Although Carroll has known Finegan for only about two years, cycling has helped them grow close and sustained their friendship after Finegan and Margheim moved back to Lincoln to be closer to family and friends.
Her colon cancer was in remission after being diagnosed in January 2017, but they wanted to move anyway. Then, in December, the cancer came back and spread to her pancreas, liver and bones.
Carroll was shocked when he saw the news on Facebook, thinking the cancer had firmly been in remission. He wanted to offer support but wasn’t sure what to say.
“I started to type something and I stopped; what do you say to a guy whose wife is ailing on Facebook in front of everybody,” Carroll said. “You want to instill your friends with strength, and that’s where it popped into my head — I just wanted to send her power.”
He typed “#JOYPOWER” and sent it. The message clicked with Finegan immediately.
“I showed it to Joy and I said I’m gonna make this thing go viral,” he said with a laugh.
* * *
Finegan’s cycling groups across the country showed support in different ways.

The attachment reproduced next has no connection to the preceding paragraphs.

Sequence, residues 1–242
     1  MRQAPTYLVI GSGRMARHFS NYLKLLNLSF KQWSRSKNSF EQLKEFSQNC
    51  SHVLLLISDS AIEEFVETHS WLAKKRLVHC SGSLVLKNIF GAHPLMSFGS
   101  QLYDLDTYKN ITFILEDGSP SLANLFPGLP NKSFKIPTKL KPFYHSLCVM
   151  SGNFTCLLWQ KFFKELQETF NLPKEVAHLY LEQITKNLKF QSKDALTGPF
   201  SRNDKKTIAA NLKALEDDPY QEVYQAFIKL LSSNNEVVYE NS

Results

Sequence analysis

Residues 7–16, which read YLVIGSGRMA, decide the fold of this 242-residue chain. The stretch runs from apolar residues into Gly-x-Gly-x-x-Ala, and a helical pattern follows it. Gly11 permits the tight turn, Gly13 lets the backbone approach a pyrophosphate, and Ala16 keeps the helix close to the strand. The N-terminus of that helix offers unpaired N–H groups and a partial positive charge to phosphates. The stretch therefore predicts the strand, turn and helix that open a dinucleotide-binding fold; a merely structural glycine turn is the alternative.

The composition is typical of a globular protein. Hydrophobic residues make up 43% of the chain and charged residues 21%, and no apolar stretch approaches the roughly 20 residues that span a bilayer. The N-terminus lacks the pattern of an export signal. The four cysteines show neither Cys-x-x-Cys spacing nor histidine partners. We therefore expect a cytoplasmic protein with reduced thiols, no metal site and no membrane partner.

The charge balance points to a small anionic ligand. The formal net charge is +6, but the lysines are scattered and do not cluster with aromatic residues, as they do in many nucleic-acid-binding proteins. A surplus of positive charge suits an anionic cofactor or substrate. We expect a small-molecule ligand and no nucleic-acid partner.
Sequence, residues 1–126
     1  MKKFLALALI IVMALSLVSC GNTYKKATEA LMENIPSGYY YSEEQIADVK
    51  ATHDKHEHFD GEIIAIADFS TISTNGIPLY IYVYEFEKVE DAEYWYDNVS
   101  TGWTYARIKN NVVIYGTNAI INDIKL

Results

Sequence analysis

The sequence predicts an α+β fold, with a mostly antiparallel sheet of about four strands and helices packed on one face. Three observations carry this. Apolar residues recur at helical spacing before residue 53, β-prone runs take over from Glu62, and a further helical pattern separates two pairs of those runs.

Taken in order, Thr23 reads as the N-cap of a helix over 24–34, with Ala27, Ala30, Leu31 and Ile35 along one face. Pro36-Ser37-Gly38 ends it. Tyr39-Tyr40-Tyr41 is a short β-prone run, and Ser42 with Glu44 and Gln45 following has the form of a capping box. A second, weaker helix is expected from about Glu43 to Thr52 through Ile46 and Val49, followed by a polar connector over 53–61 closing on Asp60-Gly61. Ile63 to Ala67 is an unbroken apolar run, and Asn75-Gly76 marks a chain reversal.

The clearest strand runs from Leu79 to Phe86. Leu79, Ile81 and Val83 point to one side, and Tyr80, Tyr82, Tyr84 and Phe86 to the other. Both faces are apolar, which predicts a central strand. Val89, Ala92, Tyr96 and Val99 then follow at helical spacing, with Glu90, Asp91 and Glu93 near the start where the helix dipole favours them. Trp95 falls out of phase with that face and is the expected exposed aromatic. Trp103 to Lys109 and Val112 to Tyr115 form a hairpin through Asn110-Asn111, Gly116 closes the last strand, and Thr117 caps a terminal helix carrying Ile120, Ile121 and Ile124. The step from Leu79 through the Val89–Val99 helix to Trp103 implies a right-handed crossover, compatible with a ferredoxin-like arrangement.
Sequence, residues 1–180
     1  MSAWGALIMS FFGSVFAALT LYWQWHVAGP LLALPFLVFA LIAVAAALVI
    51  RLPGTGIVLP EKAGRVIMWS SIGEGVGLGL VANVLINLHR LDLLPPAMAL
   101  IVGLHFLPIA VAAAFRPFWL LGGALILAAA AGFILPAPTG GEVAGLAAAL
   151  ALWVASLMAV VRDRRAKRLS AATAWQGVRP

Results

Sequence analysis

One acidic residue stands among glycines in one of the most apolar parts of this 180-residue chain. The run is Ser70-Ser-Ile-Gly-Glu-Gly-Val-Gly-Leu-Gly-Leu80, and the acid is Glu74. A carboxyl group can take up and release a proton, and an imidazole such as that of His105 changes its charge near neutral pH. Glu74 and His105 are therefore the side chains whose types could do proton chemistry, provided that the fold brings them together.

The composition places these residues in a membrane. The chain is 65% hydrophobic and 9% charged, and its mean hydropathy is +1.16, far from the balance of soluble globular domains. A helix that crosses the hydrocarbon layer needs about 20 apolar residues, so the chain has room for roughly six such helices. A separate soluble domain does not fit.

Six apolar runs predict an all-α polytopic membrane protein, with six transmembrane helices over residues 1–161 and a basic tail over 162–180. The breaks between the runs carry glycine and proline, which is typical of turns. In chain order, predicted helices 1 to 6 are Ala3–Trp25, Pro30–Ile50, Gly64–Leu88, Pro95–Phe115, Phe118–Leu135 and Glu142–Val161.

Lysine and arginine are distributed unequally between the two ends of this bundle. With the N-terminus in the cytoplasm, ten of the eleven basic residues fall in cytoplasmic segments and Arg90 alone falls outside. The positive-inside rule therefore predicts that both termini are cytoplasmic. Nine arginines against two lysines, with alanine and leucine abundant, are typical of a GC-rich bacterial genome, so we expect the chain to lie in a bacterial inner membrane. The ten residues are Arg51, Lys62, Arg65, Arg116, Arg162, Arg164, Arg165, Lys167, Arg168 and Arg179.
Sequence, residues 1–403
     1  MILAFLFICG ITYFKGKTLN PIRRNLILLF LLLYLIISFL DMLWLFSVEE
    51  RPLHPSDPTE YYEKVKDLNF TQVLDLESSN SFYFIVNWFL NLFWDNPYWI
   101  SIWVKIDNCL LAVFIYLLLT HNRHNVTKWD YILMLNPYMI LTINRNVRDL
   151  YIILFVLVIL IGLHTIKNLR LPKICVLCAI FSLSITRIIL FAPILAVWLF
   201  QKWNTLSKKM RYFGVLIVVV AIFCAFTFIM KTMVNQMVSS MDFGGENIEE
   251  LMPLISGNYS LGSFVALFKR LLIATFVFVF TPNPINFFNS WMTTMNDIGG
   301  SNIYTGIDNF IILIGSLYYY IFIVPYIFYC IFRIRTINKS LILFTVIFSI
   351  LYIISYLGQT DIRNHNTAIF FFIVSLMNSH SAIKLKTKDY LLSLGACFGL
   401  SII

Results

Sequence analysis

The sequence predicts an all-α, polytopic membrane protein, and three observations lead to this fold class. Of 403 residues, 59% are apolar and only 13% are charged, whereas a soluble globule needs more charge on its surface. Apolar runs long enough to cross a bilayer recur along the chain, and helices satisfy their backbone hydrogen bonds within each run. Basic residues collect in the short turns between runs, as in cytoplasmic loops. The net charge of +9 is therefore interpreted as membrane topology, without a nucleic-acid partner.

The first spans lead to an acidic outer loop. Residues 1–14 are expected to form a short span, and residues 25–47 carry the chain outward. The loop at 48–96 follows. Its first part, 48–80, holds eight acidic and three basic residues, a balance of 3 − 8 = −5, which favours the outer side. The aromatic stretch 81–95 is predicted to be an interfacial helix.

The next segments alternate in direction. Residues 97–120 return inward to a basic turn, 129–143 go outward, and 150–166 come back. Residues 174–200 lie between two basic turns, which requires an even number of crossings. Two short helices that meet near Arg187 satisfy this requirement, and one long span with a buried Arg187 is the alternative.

The Maplewood team went on a #JOYPOWER ride. A group biked with cardboard cutout letters of the hashtag and took a picture of cyclists holding the letters in the middle of the ride.
The letters in the photo became a T-shirt design and tattoo on Finegan’s left forearm. He’s selling the shirts at Lincoln Running Company and donating proceeds to the Humane Society in Margheim’s name.
Other cycling friends took a different approach. Josh Shear, a Lincoln resident who lost cycling friend Randy Gibson last year, chose to offer his support more covertly, saying he wanted to keep his time with Finegan focused on training.
“For me, there was a hole in my world after our friend Randy passed away last year,” he said. “I don’t want to put (Finegan) in that mental state before (rides). It’s an escape.”
Shear said having Finegan as a riding partner came at a good time for him because he was shaken after the death of Gibson, and Finegan’s re-entry into the Lincoln cycling community helped him stick with riding. Finegan’s strength gave him something to aspire to.
“If we show up at a race, I’m one place down,” Shear said. “It’s understood, (Finegan’s) faster than I am. I’m just going to try hanging on as long as I can and learn as much as possible.”